What If Your Reality Isn't Real?
All philosophical debate aside, what if what you think of as reality isn't necessarily *real* at all? What if your mind works as a filter, helping you sift through everything you experience, sorting through the onslaught to find just the right pieces to reinforce what you already believe to be true? Looking for evidence, so to speak.
Well, it turns out... that's exactly what it does. The brain's reticular activating system, confirmation bias, and your subconscious mind all play a role in making this happen, but for the purposes of this article, we'll focus solely on the subconscious.
What you know to be truth, your personal version of reality, is self-created; i.e., how you see yourself-- including your faults, your talents, and the various roles you play in society. Not that there aren't outside influences that help shape those beliefs, but ultimately, you choose whether to accept or reject that input. What really matters is what you *believe*.... and your beliefs/your reality all start in your subconscious mind (SC).
Within the deep dark recesses...
Your subconscious (SC) is a busy little beaver. It controls feelings, beliefs, imagination, values, creativity and a whole slough of other things with (oftentimes) little or no conscious input from you.
It is capable.
It is tireless.
It's is oh-so-obliging.
lt colours everything.
This can be really helpful if deep down you see yourself as smart and capable. When that is your belief, facing challenges is a breeze.
But what if you don't?
What if, in the deep, dark depths, you secretly think you're a fraud? Or that you're unlovable? Or that you'll never be good enough? Unfortunately, your mind can help make that real, too. It doesn't even concern itself with whether or not it's actually true.
'Not my job!' it declares, smugly. 'I'm just here to make it *feel* real!'
(Luckily, it's possible to alter those unconscious beliefs, which is why hypnosis is so useful.)
Keep in mind, your (SC) is not the logical or the rational part of your brain (that's the conscious part), but it IS helpful... to a fault.
If I were to suggest to you that you are a terrible friend, your (SC) immediately starts flinging open the file drawers of your mind. It quickly, efficiently, and oh-so-helpfully selects and offers folder after folder of proof (memories).
'Oh, yeah' you think. 'I did that. I really let them down.'
Your heart sinks a little.
And 'I shouldn't have done that! That was awful.'
Shame sets in.
And you start remembering all of the times in your life that you've been a lousy friend.
If, however, I suggest the opposite and say, "You're a great friend! People are lucky to have a someone like you," the same process occurs, but this time when the drawers are flung open, different memories come up. You recall all the times you helped a friend pack their 50,000 tonnes of household stuff and move to a new place.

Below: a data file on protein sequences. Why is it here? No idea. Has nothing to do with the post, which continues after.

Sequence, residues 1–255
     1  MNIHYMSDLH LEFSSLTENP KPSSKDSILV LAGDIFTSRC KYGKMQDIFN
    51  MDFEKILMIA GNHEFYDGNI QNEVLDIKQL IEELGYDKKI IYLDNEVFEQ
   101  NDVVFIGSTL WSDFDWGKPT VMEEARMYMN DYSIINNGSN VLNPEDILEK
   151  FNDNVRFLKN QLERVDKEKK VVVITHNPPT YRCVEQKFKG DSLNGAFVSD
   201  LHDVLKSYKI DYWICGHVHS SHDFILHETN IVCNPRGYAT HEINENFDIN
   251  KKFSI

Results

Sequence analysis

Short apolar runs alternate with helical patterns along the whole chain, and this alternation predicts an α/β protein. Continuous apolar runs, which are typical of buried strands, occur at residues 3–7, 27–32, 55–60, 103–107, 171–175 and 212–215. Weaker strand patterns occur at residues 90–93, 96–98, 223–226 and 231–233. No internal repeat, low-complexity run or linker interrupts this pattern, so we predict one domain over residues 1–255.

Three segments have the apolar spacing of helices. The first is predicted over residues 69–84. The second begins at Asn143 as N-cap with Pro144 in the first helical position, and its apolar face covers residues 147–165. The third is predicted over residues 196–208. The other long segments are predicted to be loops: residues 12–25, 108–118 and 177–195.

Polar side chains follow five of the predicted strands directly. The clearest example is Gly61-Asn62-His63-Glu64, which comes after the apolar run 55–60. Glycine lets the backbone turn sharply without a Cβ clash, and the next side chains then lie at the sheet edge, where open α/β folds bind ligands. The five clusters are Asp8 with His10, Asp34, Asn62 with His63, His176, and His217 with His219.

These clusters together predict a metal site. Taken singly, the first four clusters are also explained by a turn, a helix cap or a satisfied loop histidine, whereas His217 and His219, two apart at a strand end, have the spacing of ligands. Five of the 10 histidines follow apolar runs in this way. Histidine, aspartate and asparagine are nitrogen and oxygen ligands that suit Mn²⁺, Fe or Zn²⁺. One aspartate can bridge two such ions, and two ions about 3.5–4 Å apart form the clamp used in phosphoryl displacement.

Or the time you picked them up when their car died and it was 30 below and your toes were freezing and you had been snuggling under a cozy blanket, bingeing Netflix, but when they called you put your coat and boots on and went anyway.
Or that time you showed up for them when they needed support.
Here's the kicker: the two suggestions are polar opposites.
What does that mean?
It means they *can't* both be true.
So which should you believe? Are you a good friend, or not? That part's your choice. The important take-away is the realization of just how malleable your reality is, and how quickly and easily your mind can convince you of pretty much anything... or at least make it *seem* true.
(This is why negative self talk is so insidious, and why you should be very, very careful in how you talk to/about yourself. Your (SC) is always listening, and willing to help.)
Don't quite believe me? Here's a different, more fun, example. Take a minute to watch this video to see just how quickly and easily someone's brain comes to feel and respond to a complete lie. It's a real eye-opener!
In the video, it takes all of five minutes for a young person to "attach to" and actually feel sensory input from a rubber arm!
The arm is fake, but it absolutely feels 'real' to them. It's a rubber arm. It's obviously not real and not attached, but their brain"believes" it is and their body responds accordingly.
Which is my point.
'Reality' isn't always real. Perception is what matters.
How many people have you met in your life with brains, looks, charm, talent and everything they could possibly need... but they never come close to their potential?
You know it. You see it. You believe it.
But they don't.
In their reality, they can't... and what they believe in their mind, becomes their reality.
So... they can't.
Imagine, instead, a reality filled with hope.
Imagine: accomplishing 'the thing'.
Imagine: being the very best version of you.
Imagine tapping into that power!
And... it's possible.
When people say, oh-so-scathingly, 'It's all in your head!'... they're right! It IS!
Absolutely everything starts, sparks, and flourishes from within your mind. Everything!
Think about that for a minute and imagine the possibilities of a life without limits. With you deliberately plotting the course, that's a real possibility.
Remember: your brain is indescribably powerful!
(And really, really cool!)